Hence robust mathematical analysis of the system becomes challenging and often unreliable because of the uncertainty in the experimental data. It will thus be important to evaluate the variability of bi-clustering results based on the observed dataset. One way to estimate the variability is to evaluate a large number of experimental replicates and perform the bi-clustering algorithm over the entire data set. This is however an impractical option and bootstrapping provides a mathematical analog of a similar concept without the need for large experimental data sets.

The essence of bootstrapping lies in utilizing limited sampled data in deriving statistically significant parameters [19], [20]. A larger pseudo dataset is generated using the sampled dataset by re-sampling with replacement technique. The technique of bootstrapping was originally presented systematically by Efron [21]. A significant body of bootstrapping literature deals with estimating parameter variances and confidence intervals. Bootstrap techniques have thus far evolved into myriads of biological applications, in the areas of ecology, genetics and environmental science and engineering to name a few. In the current project we apply bootstrapping technique in order to determine a robust group of co-regulated genes identified through bi-clustering of the experimental data. To the best of our knowledge this is the first attempt in applying the bootstrap technique in the area of bi-clustering.

Results

Effect of Substrate Stiffness on Endodermal Gene Expression

The system we are presenting in this paper is the effect of mechanical property of the substrate on germ layer induction of embryonic stem cells. In particular, we are concentrating on the stiffness modulus of the substrate. Fibrin was used as the substrate, whose properties were modified by changing either the fibrinogen concentration or the fibrinogen/thrombin cross-linking ratio. A broad range of storage moduli was obtained ranging from to by varying the fibrinogen concentrations from 1, 2, 4 and 8 mg/ml, while maintaining the fibrinogen to thrombin ratio at 0.25x, 1x and 2x for each of the four fibrinogen concentrations. Details of the concentrations used and the substrate stiffness values of each substrate component are presented in Table 1. The experiments were performed under two different culture conditions: 2-dimensional (2-D), where the embryonic stem (ES) cells were cultured on top of pre-formed gels and 3-dimensional (3-D) where the ES cells are embedded inside the fibrin gel. The cells were differentiated on these substrates for 4 days, at the end of which the samples were collected and analyzed for relevant gene expression levels. It was interestingly observed that while mesoderm and ectoderm markers were relatively insensitive to changes in substrate stiffness, the endoderm markers elicit a strong response, having a strong expression under lower substrate stiffness conditions in the range of 4 Pa – 14 Pa [1] (Figure 1). Both the 2-D and 3-D culture showed similar effect of endoderm differentiation, although the effect in 3-D culture was much stronger than 2-D. In 2-D culture the differentiating cells were uniformly exposed to the media, which evidently was not the case under 3-D because of likely differences in diffusivity linked with variations in substrate properties. In order to test for the effect of media alone on differentiation we performed another control experiment where the ESCs were differentiated into embryoid bodies (EB) through hanging drop method. These EBs when analyzed for the germ layer markers showed only a subtle upregulation relative to the substrate mediated induction; indicating the media to be less dominant in differentiation induction.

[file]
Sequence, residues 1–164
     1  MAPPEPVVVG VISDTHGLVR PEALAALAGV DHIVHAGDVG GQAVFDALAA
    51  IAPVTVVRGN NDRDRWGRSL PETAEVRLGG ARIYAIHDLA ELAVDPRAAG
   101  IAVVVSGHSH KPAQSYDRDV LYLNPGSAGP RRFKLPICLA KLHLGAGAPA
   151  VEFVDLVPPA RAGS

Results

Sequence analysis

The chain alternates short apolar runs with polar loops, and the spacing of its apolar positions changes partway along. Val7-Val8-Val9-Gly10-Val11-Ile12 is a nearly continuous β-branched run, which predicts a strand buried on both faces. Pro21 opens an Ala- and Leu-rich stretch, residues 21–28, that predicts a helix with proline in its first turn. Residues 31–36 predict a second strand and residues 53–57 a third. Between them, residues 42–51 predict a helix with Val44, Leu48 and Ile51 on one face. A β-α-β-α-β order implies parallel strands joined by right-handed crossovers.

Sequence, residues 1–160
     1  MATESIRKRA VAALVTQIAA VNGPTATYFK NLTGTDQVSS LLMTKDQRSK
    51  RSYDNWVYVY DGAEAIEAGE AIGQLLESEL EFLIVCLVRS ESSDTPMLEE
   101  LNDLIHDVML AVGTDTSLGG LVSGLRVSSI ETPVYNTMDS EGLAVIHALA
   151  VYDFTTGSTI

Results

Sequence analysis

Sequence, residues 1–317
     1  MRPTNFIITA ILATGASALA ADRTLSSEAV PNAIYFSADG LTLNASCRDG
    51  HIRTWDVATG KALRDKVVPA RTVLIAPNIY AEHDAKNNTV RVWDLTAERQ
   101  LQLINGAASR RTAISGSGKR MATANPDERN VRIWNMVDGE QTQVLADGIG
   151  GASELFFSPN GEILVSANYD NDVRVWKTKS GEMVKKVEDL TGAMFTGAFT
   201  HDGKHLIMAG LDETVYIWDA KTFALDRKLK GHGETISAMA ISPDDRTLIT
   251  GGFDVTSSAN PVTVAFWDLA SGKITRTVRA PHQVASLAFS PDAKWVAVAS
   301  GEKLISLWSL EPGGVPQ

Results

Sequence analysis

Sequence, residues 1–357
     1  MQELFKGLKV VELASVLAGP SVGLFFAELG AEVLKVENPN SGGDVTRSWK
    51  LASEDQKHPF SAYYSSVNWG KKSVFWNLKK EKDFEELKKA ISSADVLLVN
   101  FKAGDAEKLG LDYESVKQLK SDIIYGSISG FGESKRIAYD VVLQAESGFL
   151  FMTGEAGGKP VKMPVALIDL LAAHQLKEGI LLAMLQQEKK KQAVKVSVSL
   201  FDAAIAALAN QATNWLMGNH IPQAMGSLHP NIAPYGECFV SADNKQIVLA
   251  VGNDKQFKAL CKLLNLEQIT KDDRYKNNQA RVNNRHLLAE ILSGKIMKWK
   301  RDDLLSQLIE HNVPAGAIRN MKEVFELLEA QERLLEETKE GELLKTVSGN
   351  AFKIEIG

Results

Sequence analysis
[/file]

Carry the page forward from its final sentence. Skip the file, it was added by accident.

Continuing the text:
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Table 1. Fibrinogen and thrombin concentration used to synthesize the gel and corresponding stiffnessvalues.

https://doi.org/10.1371/journal.pone.0035700.t001

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Figure 1. Effect of stiffness of fibrin substrate on early differentiation patterning of mouse embryonic stem cell.

Embryonic stem cells were differentiated for 4 days on fibrin substrates of varying properties. Analysis of the differentiated cells for pluripotency and germ layer markers at the end of differentiation reveals that pluripotency, mesoderm and ectoderm markers are relatively insensitive to changes in substrate stiffness. The endoderm markers, specifically Sox17 and AFP responded strongly to the changes in stiffness in the chosen range. A lower value of stiffness resulted in stronger up-regulation of endoderm marker. The above analysis is for 3D culture configuration. In order to evaluate the effect of the substrate relative to chemical induction, a control experiment of spontaneous differentiation by embryoid body formation was performed, depicted by EB in the above plots. Spontaneous differentiation by EB formation typically resulted in lower upregulation compared to induction by fibrin substrate.

https://doi.org/10.1371/journal.pone.0035700.g001

Bi-clustering for Network Identification